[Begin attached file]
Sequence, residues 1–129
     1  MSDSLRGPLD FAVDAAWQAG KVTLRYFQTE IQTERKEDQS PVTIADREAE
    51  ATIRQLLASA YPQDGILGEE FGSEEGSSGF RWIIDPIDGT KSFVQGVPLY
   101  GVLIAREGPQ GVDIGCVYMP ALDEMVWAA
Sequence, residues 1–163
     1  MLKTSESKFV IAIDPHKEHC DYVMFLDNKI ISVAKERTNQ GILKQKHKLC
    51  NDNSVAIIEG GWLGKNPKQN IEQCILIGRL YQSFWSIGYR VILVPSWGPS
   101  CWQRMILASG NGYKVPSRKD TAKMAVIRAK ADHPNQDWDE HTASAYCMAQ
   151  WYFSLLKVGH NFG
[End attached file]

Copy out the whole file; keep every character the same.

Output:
Sequence, residues 1–129
     1  MSDSLRGPLD FAVDAAWQAG KVTLRYFQTE IQTERKEDQS PVTIADREAE
    51  ATIRQLLASA YPQDGILGEE FGSEEGSSGF RWIIDPIDGT KSFVQGVPLY
   101  GVLIAREGPQ GVDIGCVYMP ALDEMVWAA
Sequence, residues 1–163
     1  MLKTSESKFV IAIDPHKEHC DYVMFLDNKI ISVAKERTNQ GILKQKHKLC
    51  NDNSVAIIEG GWLGKNPKQN IEQCILIGRL YQSFWSIGYR VILVPSWGPS
   101  CWQRMILASG NGYKVPSRKD TAKMAVIRAK ADHPNQDWDE HTASAYCMAQ
   151  WYFSLLKVGH NFG